Slope to basin-floor evolution of channels to lobes, Jurassic Los Molles Formation, Neuquén Basin, Argentina
MetadataShow full item record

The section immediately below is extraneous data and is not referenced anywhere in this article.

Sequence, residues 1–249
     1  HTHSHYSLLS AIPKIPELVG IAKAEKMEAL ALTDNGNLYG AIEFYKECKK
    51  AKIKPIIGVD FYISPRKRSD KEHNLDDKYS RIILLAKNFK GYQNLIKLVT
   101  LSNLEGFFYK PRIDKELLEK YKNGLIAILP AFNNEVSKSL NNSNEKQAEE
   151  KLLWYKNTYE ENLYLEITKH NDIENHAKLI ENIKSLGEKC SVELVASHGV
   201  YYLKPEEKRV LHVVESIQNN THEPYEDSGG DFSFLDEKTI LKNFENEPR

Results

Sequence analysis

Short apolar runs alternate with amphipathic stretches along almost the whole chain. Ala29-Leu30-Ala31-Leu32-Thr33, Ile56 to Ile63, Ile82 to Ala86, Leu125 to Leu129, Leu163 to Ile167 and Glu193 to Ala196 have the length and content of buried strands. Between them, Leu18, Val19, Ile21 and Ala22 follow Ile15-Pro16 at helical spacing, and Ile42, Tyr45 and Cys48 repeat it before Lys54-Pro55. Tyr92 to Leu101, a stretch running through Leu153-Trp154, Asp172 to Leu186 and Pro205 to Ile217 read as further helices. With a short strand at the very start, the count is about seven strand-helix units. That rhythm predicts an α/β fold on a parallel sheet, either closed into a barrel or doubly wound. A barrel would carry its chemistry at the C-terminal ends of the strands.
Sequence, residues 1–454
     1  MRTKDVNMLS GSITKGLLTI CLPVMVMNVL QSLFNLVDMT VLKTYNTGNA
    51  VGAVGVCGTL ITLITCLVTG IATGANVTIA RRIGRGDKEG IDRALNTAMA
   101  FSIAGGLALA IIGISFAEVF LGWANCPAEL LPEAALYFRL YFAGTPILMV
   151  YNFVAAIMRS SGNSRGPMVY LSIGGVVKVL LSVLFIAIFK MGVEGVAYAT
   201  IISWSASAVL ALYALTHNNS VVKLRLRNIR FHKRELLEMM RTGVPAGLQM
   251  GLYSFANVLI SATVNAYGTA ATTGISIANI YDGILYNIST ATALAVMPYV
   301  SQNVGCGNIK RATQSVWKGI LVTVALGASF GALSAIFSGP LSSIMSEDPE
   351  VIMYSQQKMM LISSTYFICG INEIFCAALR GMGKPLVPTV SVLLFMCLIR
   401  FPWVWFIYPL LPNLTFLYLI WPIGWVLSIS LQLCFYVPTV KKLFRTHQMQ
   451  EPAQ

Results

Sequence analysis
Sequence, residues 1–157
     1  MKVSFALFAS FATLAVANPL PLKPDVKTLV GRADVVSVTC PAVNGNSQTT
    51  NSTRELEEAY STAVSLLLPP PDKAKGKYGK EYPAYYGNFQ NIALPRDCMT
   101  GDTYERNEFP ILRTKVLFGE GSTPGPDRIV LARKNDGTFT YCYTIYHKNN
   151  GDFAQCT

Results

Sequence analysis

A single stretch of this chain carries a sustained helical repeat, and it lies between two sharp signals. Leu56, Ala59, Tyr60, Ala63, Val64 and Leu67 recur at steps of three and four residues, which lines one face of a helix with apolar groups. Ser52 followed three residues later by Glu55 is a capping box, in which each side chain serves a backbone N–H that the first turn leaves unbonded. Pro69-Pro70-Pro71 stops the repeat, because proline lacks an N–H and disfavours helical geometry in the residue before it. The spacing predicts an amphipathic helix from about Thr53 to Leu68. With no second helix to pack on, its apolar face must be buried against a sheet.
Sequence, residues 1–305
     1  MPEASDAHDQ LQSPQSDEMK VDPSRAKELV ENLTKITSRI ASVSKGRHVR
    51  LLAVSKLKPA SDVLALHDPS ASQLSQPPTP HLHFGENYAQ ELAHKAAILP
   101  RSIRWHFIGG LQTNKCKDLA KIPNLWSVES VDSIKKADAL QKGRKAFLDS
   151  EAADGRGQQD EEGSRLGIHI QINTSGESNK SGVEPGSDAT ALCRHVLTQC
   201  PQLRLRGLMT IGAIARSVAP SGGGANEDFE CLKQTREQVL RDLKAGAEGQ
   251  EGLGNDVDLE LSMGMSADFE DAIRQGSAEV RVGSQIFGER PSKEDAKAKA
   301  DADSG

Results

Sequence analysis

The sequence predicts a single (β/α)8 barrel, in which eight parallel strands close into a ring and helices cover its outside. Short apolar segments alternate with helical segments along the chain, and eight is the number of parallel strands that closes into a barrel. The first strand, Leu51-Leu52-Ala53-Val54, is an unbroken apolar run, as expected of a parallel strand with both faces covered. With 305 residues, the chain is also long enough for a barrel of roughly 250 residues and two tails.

Abstract Slope to Basin-floor Evolution of Channels to Lobes, Jurassic Los Molles Formation, Neuquén Basin, Argentina Nataleigh Kristine Vann, MS Geo Sci The University of Texas at Austin, 2013 Supervisor: Ronald J. Steel and Cornel Olariu The relatively steep and short-headed Neuquén Basin margin provides an excellent laboratory for demonstrating down slope changes in sediment gravity flow bed thickness, grain size and facies, as well as channel to lobe transitions. Approximately 400m high clinoformal, shelf-slope-basin-floor deposits of Jurassic Los Molles Formation outcrops are evaluated for reservoir scale definition of facies and architectures in the La Jardinera field area, Neuquén Basin. Slope deposits represent the accretionary front of the prograding shelf margin that were fed by a coarse grained shelf (Lajas Formation). Mapping of a high-resolution satellite images draped on digital elevation model resolved a sub-meter stratigraphic framework. Thirty-three measured sections from outcrops exposed along a 5km transect characterize the evolution of sand body architectures from the shelf edge to the basin floor. The Neuquén Basin margin is typified by four main depositional environments that transition from shelf edge incisions filled with conglomerates, to confined channels in upper- to middle-slope reaches, to weakly confined channels on the lower slope to sheet-like lobes and distributary channel complexes that drape onto both the lower slope and basin floor. Along the slope to basin floor profile the depositional architecture changes by overall decrease in grain size, amalgamation of beds and degree of erosion. Confined slope channels are up to 25m deep, isolated within muddy slope deposits and have complex multistory fills marked by basal and internal erosive contacts lined with mud-clast and/or pebble conglomerates. Channel axes contain amalgamated, medium to coarse sandstones that thin and fine towards channel margins over 100m. Down dip, lower slope channels are up to 400m wide and less than 10m thick. A marked reduction in mud clasts and conglomeratic material at basal erosional surfaces in weakly confined channels represent a downslope decrease in flow energy. However, distinct meter scale erosion surfaces continue to be recognizable where thin ripple laminated sands are truncated on channel margins by amalgamated structureless sands. Erosional surfaces are absent in laterally extensive (>5km), sheet-like lobes of basin-floor fans that are generally finer grained than lower or upper slope channel fills. There are lenticular debrites and thin micro-conglomerates associated with basin-floor fans.